Shortly following Amy Bechtel's disappearance I found myself just outside of Lander, Wyoming, for a long weekend climbing trip to the sun drench limestone cliffs of Wild Iris. My then boyfriend and I were enjoying the 'undeveloped' camping option that was both extremely remote and incredibly peaceful. I knew about Amy, and I also knew that I wanted to run while I was there. The whole situation did leave me fairly unnerved.

I've run through Harlem, and Queens, and down through Battery Park in the wee hours of a cold, dark morning, with grey clad men huddled over burning trashcans. I've run through cities abroad that I was probably too unfamiliar with.  I've run through remote areas of the Utah Hills outside of LasVegas while images of Flannery O'Connon's "Misfit" pranced through my head or the banjo music from "Deliverance" wormed it's way into my brain. Over all my years of running I've found myself in a lot of sketchy situations. But I continue to run - and I try to be smart about it - but the fact remains, that everyday that I venture out on my own I'm putting myself at risk. Is this stupid? Is this foolhardy? Should I be packing heat?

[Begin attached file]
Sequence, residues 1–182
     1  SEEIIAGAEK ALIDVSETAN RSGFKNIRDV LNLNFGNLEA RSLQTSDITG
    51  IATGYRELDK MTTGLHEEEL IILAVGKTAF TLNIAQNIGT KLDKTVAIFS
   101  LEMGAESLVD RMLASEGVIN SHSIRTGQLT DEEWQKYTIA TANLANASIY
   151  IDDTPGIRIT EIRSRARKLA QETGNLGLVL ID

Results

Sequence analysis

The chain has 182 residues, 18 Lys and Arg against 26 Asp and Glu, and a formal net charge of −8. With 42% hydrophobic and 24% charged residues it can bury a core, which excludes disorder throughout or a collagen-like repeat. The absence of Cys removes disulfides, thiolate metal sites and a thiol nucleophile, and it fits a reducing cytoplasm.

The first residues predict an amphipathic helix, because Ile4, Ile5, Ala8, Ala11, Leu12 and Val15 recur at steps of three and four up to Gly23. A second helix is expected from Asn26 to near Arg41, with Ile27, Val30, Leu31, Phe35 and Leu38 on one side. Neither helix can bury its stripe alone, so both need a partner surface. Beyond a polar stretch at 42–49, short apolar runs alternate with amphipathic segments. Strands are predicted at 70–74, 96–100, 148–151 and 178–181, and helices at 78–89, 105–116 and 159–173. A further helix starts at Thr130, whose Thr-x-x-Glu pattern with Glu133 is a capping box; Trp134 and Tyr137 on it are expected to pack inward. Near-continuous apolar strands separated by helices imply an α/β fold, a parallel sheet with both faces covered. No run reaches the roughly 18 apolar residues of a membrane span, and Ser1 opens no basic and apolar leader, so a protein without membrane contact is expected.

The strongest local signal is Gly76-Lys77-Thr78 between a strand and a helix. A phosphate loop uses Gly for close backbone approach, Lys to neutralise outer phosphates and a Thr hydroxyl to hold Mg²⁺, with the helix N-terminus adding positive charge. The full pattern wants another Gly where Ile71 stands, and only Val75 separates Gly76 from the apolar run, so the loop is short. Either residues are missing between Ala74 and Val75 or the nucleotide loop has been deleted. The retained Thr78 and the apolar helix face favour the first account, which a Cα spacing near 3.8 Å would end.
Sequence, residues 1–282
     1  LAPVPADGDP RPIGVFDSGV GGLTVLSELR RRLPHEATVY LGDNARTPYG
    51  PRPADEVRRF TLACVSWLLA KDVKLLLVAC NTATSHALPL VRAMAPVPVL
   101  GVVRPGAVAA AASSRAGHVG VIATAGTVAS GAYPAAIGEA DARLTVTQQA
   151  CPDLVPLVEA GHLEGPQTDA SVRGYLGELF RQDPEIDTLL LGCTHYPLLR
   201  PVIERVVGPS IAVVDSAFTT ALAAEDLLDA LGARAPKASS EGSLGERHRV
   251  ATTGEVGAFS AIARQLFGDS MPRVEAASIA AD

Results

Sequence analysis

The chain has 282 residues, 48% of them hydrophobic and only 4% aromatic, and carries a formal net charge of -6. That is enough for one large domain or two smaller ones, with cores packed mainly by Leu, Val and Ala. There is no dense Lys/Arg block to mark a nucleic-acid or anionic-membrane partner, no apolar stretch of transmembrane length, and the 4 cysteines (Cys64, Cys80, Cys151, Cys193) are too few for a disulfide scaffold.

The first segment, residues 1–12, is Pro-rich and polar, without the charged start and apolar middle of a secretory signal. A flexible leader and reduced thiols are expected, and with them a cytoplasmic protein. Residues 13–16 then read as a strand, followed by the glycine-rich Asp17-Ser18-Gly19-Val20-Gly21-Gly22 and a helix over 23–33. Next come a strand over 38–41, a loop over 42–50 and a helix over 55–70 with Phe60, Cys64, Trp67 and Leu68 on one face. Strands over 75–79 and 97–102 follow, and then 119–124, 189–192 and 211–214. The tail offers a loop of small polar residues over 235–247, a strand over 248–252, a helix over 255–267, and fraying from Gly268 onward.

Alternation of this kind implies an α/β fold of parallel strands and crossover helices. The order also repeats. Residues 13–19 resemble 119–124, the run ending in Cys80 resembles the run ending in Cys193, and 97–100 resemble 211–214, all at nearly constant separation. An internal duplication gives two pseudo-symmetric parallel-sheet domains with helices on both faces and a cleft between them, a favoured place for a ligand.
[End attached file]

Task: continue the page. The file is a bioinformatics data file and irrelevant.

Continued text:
On that trip to Lander I did run, several times, with my then 2 year-old Aussie mix dog. I felt somehow safer with her by my side, but the truth of the matter, which I was all too well aware of, is that she could have done little to help me evade a nefarious character determined to do me harm. Should I have just stayed at camp? If something had happened would I be to blame? Would it be said that I had made a poor decision?